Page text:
Artificial Intelligence in Glaucoma
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Glaucoma is a disease which is still not completely understood, even though it is the most common cause of irreversible blindness. There is still a lot of unknowns in the area of glaucoma suspects. In addition to Intra Ocular Pressure(IOP), the optic disc changes, the Retinal Nerve Fibre Layer(RNFL) defects, Ganglion Cell Layer(GCL) defects, gonioscopy and visual fields are important diagnostic criteria with no definite cut-offs. Family history and systemic diseases also influence the risk of glaucoma. This is a lot of information which has to be looked at holistically to arrive at a diagnosis.
Artificial Intelligence and Machine Learning will play a mojor role in ophthalmology as they are particularly suited to extract useful information from a lot of data. With the help of Artificial Intelligence, we might finally be able to diagnose glaucoma in borderline cases and start appropriate treatment early. We may even be able to predict the course of glaucoma.
- 1 Introduction
- 2 Artificial Intelligence in Ophthalmology
- 3 Basic Definitions
- 4 Artificial Intelligence in Glaucoma
- 5 Future Prospects
- 6 Additional Resources
- 7 References
We are now in the Fourth Industrial Revolution(4IR). Artificial Intelligence has slowly been incorporated in several of the gadgets and software that we use daily. Many engineering students in the past few years prefer to do projects on Artificial Intelligence(AI). It is inevitable that AI will become a routine part of our medical practice. Ophthalmology is particularly suited to the application of Artificial Intelligence as there is a lot of clinical imaging, scans and tests that need interpretation.
Glaucoma in particular has a huge potential for AI related advances as data from multiple modalities has to be combined together in a meaningful way to arrive at a management plan. If the patient prognosis with different management protocols can be estimated by a predictive algorithm, it would greatly help in guiding the appropriate treatment and improving adherence to treatment.
Artificial Intelligence in Ophthalmology
The role of Artificial Intelligence in Ophthalmology is potentially vast as there is a lot of data that can be processed to yield useful information. There have been multiple programming competitions and hackathons where several teams compete to develop image processing algorithms to detect diabetic retinopathy and glaucoma.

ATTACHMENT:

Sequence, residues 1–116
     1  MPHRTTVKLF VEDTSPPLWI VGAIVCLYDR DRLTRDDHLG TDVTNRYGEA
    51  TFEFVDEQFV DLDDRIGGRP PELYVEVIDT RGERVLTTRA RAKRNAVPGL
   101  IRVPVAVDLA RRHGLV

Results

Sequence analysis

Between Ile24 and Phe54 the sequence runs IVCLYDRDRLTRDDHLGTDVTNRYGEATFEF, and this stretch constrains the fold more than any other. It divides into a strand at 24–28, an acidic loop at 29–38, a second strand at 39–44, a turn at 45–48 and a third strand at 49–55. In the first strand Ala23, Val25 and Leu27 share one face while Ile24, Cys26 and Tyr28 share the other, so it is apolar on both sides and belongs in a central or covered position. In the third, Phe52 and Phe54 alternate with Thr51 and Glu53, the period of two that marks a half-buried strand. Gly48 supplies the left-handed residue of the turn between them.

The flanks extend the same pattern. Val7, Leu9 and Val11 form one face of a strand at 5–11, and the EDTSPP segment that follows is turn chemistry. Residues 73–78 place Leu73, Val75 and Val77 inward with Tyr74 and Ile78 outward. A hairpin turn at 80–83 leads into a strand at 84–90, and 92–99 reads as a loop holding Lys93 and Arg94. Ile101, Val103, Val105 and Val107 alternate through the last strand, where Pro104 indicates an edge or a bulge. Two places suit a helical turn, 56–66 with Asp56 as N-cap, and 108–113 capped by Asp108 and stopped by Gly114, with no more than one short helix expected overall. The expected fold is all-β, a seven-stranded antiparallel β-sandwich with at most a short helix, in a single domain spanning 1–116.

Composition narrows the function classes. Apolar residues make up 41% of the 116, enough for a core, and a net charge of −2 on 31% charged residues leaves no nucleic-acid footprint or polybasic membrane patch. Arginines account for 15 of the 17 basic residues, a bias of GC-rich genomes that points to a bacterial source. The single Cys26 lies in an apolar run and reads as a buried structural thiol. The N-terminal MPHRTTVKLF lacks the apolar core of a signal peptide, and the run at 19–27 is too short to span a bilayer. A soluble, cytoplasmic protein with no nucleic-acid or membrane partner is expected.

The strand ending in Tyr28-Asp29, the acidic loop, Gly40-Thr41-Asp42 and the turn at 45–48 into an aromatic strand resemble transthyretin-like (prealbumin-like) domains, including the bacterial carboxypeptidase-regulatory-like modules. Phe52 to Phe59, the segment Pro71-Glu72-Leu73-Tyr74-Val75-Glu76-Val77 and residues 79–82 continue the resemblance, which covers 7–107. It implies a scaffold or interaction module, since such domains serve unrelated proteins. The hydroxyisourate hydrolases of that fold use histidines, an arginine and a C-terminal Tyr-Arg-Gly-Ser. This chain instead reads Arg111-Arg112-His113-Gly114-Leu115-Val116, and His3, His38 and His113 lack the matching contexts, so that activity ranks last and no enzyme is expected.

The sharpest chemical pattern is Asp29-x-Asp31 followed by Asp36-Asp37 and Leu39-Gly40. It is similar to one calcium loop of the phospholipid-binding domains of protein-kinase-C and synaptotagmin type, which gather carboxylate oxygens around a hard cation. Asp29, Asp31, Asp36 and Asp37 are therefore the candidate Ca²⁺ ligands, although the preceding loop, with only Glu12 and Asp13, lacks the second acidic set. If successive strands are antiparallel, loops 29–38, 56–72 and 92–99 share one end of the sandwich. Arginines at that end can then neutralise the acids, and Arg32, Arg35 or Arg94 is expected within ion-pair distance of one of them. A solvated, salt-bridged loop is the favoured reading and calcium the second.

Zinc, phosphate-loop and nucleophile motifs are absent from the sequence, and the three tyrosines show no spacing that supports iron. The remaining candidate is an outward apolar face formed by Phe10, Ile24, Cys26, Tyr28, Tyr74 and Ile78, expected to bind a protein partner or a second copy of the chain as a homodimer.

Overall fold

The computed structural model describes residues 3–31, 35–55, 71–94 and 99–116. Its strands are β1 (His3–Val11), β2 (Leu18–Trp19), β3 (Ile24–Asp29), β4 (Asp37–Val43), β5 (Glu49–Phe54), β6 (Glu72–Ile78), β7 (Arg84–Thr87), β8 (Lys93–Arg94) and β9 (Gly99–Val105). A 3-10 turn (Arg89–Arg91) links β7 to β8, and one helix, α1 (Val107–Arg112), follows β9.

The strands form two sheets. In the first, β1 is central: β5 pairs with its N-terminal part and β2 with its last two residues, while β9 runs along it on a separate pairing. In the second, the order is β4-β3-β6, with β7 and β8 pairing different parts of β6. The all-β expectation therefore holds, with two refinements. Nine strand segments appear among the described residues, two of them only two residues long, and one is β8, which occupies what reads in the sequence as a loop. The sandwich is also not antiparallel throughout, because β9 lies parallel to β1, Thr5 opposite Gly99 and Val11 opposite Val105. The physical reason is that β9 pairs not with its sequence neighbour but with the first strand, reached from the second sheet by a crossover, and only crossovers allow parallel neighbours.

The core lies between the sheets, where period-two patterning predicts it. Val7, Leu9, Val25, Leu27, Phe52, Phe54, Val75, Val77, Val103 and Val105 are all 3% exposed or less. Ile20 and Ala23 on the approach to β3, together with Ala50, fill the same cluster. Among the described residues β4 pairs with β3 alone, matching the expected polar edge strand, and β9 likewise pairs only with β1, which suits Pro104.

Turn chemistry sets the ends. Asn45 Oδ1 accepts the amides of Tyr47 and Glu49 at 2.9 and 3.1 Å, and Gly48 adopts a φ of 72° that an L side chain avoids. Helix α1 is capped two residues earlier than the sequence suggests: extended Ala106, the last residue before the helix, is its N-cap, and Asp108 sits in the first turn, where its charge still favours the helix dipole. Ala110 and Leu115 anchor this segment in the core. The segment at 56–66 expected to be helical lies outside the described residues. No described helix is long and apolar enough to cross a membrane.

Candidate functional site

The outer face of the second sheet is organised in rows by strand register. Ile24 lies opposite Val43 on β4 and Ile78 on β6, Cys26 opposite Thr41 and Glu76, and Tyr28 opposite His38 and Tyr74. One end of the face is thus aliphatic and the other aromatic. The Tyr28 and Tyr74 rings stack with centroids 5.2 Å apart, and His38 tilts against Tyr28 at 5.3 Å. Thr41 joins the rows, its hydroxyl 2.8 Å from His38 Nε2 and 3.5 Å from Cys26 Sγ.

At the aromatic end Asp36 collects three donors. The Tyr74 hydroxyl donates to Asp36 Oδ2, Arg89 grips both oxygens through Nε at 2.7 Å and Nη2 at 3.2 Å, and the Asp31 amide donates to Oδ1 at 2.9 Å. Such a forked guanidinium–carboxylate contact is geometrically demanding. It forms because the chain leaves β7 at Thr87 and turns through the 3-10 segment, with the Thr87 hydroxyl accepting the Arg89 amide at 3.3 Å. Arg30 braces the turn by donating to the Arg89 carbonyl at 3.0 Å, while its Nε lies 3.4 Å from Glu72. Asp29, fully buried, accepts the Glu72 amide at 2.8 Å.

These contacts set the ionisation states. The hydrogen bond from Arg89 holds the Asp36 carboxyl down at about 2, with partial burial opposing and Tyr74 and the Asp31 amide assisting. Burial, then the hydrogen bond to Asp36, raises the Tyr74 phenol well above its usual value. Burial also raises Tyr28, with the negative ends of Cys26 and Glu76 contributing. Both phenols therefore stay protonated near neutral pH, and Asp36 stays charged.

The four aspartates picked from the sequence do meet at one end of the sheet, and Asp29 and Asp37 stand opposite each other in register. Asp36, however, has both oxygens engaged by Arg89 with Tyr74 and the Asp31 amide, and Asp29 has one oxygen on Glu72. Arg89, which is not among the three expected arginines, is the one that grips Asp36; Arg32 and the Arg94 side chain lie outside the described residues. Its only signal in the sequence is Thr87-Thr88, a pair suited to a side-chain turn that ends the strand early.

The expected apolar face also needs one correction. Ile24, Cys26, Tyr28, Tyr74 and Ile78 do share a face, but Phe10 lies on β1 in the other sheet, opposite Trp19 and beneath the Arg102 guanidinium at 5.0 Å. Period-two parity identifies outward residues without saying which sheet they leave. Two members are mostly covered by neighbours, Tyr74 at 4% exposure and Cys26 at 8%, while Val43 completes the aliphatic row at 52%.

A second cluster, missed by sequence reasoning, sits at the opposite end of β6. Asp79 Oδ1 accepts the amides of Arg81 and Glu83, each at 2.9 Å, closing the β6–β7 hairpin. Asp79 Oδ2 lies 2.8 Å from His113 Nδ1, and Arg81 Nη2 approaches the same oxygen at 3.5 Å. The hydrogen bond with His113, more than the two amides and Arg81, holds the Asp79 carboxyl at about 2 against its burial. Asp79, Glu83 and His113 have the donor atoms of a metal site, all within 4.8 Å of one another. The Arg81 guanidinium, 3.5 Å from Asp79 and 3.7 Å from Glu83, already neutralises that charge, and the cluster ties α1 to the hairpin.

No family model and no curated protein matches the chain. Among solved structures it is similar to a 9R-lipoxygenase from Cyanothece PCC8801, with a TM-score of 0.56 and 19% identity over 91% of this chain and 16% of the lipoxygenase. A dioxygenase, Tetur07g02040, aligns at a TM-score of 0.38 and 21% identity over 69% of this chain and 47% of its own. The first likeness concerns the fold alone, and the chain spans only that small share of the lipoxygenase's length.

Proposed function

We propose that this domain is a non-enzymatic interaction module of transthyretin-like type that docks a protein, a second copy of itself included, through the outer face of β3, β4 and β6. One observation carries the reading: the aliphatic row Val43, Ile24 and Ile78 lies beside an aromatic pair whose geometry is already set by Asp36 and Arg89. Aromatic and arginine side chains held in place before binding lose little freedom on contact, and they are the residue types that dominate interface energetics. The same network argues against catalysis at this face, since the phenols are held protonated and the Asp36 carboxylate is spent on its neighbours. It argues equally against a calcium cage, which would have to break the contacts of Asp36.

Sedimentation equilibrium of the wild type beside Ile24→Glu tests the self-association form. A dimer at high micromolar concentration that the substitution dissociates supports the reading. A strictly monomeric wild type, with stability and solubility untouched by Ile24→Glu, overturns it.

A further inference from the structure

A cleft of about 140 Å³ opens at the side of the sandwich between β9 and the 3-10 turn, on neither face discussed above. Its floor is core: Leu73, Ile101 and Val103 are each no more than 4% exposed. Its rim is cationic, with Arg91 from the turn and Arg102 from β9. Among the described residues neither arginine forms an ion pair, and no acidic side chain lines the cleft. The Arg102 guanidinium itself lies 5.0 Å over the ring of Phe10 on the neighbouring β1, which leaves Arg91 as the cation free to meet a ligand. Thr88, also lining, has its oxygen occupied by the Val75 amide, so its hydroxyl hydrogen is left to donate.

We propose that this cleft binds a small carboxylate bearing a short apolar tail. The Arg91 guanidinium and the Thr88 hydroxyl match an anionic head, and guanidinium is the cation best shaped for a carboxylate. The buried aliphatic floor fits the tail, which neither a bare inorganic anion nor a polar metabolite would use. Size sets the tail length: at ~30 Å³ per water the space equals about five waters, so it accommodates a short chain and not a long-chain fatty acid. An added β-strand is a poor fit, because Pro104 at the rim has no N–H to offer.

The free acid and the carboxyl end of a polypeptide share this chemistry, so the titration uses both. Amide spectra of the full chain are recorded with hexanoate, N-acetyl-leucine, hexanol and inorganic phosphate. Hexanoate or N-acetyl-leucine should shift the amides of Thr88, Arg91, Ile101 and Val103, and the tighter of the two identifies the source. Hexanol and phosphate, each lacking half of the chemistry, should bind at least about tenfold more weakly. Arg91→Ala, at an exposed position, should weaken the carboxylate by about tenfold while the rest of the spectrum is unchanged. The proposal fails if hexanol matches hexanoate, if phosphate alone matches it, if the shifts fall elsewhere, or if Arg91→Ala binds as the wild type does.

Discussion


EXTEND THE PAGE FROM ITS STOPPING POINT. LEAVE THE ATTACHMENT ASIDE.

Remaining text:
The ophthalmic diseases where AI is being used are diabetic retinopathy, glaucoma, age-related macular degeneration, retinopathy of prematurity, retinal vascular occlusions, keratoconus, cataract, refractive errors, retinal detachment, squint, and ocular cancers. It is also useful for intraocular lens power calculation, planning squint surgeries, and planning intravitreal antivascular endothelial growth factor injections. In addition, AI can detect cognitive impairment, dementia, Alzheimer's disease, stroke risk, and so on from fundus photographs and optical coherence tomography.
Defined as "theory and development of computer systems able to perform tasks normally requiring human intelligence, such as visual perception, speech recognition, decision-making, and translation between languages." Artificial Intelligence is the science of applying computer algorithms to replicate intelligent human-like behavior.
Defined as "the capacity of a computer to learn from experience, i.e. to modify its processing on the basis of newly acquired information." In Machine Learning, the algorithms learn on their own by trial and error, without being explicitly programmed the steps to do a task.
Defined as "a computer system modeled on the human brain and nervous system." The software is built as a network of neurons communicating with each other with multiple inputs modifying the output, and often have a feedback loop for learning.
Deep learning is a class of machine learning algorithms that uses multiple layers to progressively extract higher level features from the raw input. For example, in image processing, lower layers may identify edges, while higher layers may identify the concepts relevant to a human such as digits or letters or faces. It is an advanced level of neural networks.
Optic Disc, Visual Field, Retinal Nerve Fibre Layer, Ganglion Cell Layer, Intra Ocular Pressure and Gonioscopy all have to be carefully evaluated and monitored for a proper glaucoma workup. Artificial Intelligence is well-suited to extract useful information from all this data. Such a comprehensive glaucoma AI is not yet ready to the best of my knowledge, but I predict that it wouldn't take long for this to be developed. That would indeed be a gamechanger in the fight against this "silent thief of sight".
Meanwhile, there has been tremendous progress in the use of AI for evaluation of individual parameters and some combinations. There has been success in the diagnostic as well as prognostics aspects. A comprehensive AI for glaucoma should evaluate all the parameters including IOP, disc, gonioscopy, fields and OCT together; but such a system is not ready yet.
Intra Ocular Pressure
Prediction of IOP trends from previous data and medications would be a useful and plausible use of AI. As of now, AI was used for evaluation of data from Sensimed Triggerfish (Sensimed AG, Lausanne, Switzerland), which is a contact lens based continuous IOP monitoring device which actually measures only the corneal strain changes due to IOP fluctuations. Martin et al used data from 24 prospective studies of Triggerfish using Random Forest Modelling(a machine learning method) to identify the parameters associated with glaucoma patients.
Optic Disc Photography